Many people assume that a bad credit score comes from having unpaid debts, but there is a bit more to it than that and a mortgage application could get turned down for credit related issues that aren’t about whether or not you’ve kept up with your repayments.
These could include:
Don’t be fooled into thinking that never taking out credit is the best way to keep the perfect credit score. Having no credit at all means there’s no evidence to show lenders that you’re capable of managing credit responsibly. You’re actually better off having a couple of credit cards for example, and using them and paying them off in full every month. This is also why it’s often recommended that you leave credit card accounts open, even if you don’t use them any more.
When you apply for new credit, lenders will do either a soft or a hard search to check your creditworthiness. If you have a lot of recent searches showing on your credit report, or have recently taken out a lot of new cards or loans, this will be a big red flag to lenders.
This is the amount of debt you currently hold relative to the amount you could have i.e. if you were borrowing up to the maximum levels across credit cards, store cards and overdrafts. If your credit utilisation ratio is high, this will definitely be a warning sign to lenders that even if you’re currently making all your repayments, you could be stretching yourself too thin. Lenders prefer to see credit being used in moderation, so ideally this means a debt utilisation ratio of less than 30%.
Probably the most important part of your credit report though is your payment history. Your credit reports will show the status of every monthly repayments on all your forms of credit, so mortgage lenders will be able to see even if you missed one payment on something four or five years ago.
Issues associated with your payment history range in severity from late and missed payments, defaults and CCJs through to debt management plans, individual voluntary agreements, repossession and bankruptcy. Lenders checking your report will look not only at the severity of the issue, but how long ago it occurred and the amounts and circumstances involved.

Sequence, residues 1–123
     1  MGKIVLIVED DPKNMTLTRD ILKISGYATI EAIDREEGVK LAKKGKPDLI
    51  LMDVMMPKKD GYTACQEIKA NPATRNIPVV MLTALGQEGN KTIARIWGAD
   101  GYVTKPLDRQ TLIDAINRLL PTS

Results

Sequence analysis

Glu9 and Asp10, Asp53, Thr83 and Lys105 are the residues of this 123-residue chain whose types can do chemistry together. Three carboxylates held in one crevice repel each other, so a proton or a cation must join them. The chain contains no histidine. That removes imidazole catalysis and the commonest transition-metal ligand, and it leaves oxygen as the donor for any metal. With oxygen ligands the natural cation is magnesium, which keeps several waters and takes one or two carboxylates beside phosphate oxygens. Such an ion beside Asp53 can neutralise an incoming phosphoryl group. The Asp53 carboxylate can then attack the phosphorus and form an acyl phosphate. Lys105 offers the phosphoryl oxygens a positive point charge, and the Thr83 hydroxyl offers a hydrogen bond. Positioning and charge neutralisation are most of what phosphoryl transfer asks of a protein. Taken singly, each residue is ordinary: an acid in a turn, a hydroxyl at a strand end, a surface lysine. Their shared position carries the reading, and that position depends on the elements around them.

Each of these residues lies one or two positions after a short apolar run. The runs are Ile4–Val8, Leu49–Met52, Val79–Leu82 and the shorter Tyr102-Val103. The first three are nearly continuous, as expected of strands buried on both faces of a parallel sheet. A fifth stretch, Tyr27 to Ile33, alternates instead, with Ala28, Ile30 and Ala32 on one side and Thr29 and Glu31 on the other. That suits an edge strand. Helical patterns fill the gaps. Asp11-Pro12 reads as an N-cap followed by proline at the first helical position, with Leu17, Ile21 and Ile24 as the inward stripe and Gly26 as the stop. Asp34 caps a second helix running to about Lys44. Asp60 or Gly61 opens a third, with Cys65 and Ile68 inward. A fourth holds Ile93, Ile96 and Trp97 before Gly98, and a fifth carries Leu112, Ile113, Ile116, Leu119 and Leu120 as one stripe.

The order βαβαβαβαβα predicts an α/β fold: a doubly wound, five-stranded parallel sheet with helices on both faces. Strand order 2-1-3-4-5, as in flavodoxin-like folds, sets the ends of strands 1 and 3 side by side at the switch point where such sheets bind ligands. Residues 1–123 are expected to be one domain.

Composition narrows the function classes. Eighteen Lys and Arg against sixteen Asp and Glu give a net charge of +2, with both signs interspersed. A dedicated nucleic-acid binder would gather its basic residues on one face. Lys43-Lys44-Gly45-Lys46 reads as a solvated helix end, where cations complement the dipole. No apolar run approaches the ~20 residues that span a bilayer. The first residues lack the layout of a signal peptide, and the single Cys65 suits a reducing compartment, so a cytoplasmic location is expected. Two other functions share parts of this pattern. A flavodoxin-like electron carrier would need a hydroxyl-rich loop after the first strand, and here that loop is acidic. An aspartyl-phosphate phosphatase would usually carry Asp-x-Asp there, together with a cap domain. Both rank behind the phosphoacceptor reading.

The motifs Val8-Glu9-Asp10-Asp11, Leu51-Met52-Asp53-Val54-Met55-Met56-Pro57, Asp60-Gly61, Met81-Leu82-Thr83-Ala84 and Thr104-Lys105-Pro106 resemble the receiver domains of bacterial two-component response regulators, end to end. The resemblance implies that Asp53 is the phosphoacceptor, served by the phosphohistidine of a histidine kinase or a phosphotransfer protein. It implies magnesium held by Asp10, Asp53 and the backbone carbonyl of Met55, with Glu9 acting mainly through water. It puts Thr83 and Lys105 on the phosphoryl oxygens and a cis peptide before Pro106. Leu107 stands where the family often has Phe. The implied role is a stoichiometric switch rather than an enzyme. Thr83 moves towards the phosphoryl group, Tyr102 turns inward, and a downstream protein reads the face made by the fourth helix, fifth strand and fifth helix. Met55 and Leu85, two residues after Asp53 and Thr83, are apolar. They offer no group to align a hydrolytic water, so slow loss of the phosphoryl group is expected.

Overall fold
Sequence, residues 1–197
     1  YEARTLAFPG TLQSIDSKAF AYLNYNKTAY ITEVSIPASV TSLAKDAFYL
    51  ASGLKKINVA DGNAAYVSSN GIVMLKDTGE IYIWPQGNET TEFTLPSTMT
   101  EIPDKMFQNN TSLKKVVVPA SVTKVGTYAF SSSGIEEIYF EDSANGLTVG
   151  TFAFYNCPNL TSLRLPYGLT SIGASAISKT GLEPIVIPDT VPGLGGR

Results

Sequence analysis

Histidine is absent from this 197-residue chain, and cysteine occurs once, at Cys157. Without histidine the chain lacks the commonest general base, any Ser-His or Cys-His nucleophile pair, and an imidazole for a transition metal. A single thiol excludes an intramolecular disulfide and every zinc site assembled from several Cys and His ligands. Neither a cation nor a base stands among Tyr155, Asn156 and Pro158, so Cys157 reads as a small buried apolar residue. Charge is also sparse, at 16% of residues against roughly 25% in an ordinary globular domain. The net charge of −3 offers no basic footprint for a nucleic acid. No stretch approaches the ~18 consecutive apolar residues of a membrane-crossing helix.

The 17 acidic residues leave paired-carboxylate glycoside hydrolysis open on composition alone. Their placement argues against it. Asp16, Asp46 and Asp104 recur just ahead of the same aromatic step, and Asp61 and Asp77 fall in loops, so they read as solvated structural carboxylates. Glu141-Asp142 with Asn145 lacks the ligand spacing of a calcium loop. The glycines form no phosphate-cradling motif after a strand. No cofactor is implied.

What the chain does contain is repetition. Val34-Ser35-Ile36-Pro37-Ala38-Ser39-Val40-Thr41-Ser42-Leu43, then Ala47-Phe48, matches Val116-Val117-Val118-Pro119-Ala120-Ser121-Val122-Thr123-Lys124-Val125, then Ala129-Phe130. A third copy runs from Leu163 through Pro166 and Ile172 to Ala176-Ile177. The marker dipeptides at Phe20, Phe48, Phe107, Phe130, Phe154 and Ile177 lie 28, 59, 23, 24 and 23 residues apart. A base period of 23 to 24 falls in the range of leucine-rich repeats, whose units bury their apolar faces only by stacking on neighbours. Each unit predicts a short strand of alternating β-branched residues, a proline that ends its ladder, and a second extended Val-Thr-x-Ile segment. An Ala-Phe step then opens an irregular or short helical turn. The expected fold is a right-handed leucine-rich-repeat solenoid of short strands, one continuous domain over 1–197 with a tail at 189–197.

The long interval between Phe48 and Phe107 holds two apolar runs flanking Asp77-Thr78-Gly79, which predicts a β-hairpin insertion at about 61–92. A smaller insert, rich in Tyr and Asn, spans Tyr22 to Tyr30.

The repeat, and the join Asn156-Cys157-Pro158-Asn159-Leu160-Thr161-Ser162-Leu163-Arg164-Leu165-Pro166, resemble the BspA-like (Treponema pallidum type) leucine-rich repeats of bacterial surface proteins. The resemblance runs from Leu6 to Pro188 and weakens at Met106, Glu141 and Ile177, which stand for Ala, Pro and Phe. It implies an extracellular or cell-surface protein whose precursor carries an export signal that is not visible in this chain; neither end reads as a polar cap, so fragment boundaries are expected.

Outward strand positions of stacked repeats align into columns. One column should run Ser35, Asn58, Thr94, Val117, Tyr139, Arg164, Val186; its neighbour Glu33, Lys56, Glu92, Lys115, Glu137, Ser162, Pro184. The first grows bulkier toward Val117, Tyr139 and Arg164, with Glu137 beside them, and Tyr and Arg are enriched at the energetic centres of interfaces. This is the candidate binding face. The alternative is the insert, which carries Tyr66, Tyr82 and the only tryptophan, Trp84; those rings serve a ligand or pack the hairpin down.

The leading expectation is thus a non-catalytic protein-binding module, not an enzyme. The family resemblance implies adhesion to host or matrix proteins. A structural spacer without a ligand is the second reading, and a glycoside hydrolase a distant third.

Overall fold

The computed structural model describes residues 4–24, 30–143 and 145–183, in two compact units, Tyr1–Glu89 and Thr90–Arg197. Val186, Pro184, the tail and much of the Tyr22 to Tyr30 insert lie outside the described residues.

Yes definitely. Aside from anything else you need to make sure that all the information held on it is accurate. Imagine how devastating it would be being turned down for a mortgage based on a mistake.
Everyone who is part of the joint mortgage application should get copies of their credit reports in advance. This can either be done directly with each of the main credit reference agencies in the UK - Equifax, Experian and TransUnion - or you can use a combined service like checkmyfile.com, which pulls in information from all three into one place.
This is the time to lay all your cards on the table. Don’t imagine that you can hide any credit issues from your partner or friends - lenders will find them and it will only make it more difficult to get a mortgage if you have a first application declined. Go through your reports in detail together, so that each party knows where you stand. Information really is power here - having the facts laid out, even if they aren’t perfect, puts you in the strongest possible position for getting the mortgage you want.
Note: Checking your own credit file has no impact on your credit score so you can do this as often as you like. It’s a good idea to do it regularly to keep an eye for inaccuracies or evidence of fraudulent activity.